The summer months are when I always feel the need to escape Central London, and although Chiswick is only just at the western edge, it still offers that feeling of having reached suburbia whilst being extremely easy to get to. It was historically part of Middlesex so you are fully justified in claiming to have fled the Big Smog even if it is for a brief hour or two before you take the North / South Circular home. And if you can stay for a little longer, feel free to take a stroll around Chiswick House Gardens, fit in a little history by visiting Hogarth’s House or just wonder at the price of hip antiques nowadays at The Old Cinema. Not that I would send you all the way to Chiswick just for the sake of a little culture or greenery. Whatever you do, you want to make sure the mainstay of your visit is to see Charlotte.
Charlotte’s Bistro is not for the picky eater or the non-drinker. I’m sure they’d make you welcome but you’d really be missing out on all the fun. Your first stop should be to the bar at the front of the restaurant. It opens directly onto the street via large bi-folding doors that are pushed back the moment there’s the hint of any sunshine. Here, propped on one of the bar stools you can sample the many wines, exotic bottled beers and freshly made seasonal cocktails available whilst enjoying the thrill of the barmen mixing their next concoction. Beware though, the bar is often busy so remember to bring some sharp elbows and your best conversational wit with which to dazzle your fellow drinkers and earn your stool.
Fortunately, I had blagged one of the more intimate two-seater booths that line the wall opposite the bar; here my dining partner and I conducted a duel over who could order the most girlie cocktail with which to wow the elusive Charlotte, who would surely put in an appearance given our status as professional gluttons. The Bramble, a champagne and berry potion, seemed a sure bet, but not to be outdone my date ordered the Rhubarb Mule. Now I’m all for a guy who can carry off a pink shirt and socks and still look manly but I’d challenge even the hardiest specimens of manliness supping from the lip of this pale pink drink complete with rhubarb stirrer, to still look masculine. It was clearly time to make a swift move into the dining area and the safety of the wine list before anyone else noticed.
Located at the rear of a long terraced house, the dining area is rather more sunlit than expected since it sits under a large glazed roof. The décor is simple but contemporary, reflecting the style of food here. Head chef Wesley Smalley has certainly gone out of his way to create a sensational and surprising menu. But he has also spent time ensuring flavours complement each other well and are regularly updated to stay seasonal, making each course a gastronomic experience the likes of which would please even Heston Blumenthal’s rather outlandish palate.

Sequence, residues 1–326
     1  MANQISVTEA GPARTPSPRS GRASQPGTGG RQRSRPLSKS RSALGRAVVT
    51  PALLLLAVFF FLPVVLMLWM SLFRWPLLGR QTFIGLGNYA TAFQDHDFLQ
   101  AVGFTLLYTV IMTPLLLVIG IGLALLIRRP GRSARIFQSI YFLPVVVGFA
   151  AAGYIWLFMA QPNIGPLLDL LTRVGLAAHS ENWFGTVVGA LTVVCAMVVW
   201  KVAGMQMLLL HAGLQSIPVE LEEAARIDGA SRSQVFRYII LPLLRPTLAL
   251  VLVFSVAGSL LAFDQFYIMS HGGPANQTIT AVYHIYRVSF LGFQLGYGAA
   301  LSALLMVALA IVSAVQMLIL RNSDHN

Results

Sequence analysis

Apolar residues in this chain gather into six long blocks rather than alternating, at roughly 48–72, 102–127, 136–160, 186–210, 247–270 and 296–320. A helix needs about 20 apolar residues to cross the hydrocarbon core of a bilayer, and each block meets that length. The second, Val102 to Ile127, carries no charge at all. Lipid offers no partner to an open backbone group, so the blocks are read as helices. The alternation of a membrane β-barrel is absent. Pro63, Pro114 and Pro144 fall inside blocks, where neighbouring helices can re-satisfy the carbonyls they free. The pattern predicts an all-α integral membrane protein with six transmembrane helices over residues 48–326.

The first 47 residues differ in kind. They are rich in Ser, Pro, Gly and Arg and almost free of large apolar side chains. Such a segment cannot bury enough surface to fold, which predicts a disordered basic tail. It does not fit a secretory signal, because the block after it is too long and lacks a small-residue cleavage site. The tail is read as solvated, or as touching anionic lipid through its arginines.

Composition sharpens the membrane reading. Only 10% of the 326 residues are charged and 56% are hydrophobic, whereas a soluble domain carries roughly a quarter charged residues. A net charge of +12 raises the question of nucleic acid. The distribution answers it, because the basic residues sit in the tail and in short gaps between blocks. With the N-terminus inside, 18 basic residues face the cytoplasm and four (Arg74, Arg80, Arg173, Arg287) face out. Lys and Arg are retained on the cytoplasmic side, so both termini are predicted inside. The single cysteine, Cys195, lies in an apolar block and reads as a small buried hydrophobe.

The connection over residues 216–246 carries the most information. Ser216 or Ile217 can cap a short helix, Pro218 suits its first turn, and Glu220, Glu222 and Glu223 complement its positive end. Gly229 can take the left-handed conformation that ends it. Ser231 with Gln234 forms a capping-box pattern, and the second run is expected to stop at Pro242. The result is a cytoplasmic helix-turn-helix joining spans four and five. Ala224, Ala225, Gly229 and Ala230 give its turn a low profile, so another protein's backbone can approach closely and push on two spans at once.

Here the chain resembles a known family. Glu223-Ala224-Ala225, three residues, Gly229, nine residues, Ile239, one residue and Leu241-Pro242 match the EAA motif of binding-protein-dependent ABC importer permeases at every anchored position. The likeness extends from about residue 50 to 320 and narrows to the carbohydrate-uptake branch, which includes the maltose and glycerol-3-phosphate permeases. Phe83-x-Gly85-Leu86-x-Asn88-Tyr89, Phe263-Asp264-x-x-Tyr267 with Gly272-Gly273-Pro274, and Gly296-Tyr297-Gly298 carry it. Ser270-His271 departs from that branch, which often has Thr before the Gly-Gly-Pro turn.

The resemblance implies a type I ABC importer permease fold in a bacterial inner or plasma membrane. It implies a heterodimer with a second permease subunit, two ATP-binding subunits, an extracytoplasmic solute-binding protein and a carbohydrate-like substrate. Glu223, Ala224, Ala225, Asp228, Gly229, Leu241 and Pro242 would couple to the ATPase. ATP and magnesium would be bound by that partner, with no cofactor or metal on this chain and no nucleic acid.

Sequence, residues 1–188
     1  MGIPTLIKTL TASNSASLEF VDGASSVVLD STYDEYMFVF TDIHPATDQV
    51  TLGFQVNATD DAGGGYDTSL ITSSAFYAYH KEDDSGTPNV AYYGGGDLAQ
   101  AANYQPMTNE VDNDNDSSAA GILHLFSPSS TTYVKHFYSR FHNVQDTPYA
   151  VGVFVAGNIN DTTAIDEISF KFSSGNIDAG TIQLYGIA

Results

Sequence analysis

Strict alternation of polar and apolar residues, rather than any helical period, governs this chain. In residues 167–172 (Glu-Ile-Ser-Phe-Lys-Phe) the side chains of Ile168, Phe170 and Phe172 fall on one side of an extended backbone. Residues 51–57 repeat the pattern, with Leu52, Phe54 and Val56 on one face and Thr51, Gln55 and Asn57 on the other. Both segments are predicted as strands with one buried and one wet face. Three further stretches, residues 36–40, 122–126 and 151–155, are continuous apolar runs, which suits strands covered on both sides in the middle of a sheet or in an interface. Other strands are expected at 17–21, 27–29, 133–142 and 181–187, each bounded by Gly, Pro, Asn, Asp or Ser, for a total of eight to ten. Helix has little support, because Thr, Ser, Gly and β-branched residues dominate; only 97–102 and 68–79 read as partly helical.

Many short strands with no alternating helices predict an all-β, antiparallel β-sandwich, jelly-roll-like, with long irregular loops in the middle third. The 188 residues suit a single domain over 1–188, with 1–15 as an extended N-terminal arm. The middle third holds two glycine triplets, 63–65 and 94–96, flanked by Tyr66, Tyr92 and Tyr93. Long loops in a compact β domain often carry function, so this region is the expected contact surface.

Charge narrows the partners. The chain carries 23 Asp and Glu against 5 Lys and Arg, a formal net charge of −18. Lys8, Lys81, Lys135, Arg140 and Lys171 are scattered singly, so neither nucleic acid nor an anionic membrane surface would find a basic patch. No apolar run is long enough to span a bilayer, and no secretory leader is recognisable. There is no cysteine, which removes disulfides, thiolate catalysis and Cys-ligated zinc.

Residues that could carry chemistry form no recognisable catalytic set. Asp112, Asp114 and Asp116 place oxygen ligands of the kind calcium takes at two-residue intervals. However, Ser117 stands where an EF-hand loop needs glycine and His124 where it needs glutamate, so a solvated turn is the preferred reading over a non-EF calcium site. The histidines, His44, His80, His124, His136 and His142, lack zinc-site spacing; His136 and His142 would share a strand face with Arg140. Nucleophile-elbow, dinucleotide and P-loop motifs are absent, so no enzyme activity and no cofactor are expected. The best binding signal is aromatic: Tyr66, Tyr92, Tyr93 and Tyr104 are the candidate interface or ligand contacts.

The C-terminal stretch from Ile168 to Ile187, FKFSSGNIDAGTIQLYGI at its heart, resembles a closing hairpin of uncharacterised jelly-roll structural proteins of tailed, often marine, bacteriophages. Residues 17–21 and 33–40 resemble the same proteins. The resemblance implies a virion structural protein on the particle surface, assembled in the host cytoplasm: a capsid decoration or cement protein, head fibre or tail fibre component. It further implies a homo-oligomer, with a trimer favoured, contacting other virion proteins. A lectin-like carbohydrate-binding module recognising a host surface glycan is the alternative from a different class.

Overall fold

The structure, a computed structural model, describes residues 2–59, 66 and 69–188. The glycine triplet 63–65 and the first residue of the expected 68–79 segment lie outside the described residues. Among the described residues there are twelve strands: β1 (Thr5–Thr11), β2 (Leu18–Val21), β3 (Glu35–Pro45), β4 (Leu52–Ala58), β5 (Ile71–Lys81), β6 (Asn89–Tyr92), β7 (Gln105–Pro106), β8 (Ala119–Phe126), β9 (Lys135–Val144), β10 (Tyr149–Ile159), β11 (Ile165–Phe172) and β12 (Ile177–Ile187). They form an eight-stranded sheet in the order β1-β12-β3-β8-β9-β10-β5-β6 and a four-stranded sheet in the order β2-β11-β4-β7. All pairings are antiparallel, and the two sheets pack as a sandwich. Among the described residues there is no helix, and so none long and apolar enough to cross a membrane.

Watermelon was served as a hefty slice but delicately topped with tomatoes, peppers and goat’s cheese; for a summer’s afternoon the bursts of refreshing flavours balanced perfectly any overpowering that may have otherwise come from the cheese. Silver mullet arrived perfectly crisp with a raspberry jus and a heap of mustard-flavoured giant couscous. Even my more traditional chocolate fondant oozed onto tonka bean ice cream and salted caramel brittle. All dishes appeared beautifully presented on the plate, creating a hushed intake of breath as each course appeared. In fact you can stop worrying about what you will talk about over dinner here, the menu and taste sensations that follow will be more than enough to keep you occupied. Charlotte’s has been known for serving more traditional fare but let’s hope its recent flair for fun continues.
With full stomachs and happy grins at having shared such a novel feast, we headed back to the buzz of the bar to finish our wine and catch up on all the gossip we had been so far too busy to discuss. Somehow the drink and ambience continued to distract us and I never did track Charlotte down.
Charlotte’s Bistro, 6 Turnham Green Terrace, London W4 1QP. Tel: 020 8742 3590. Website.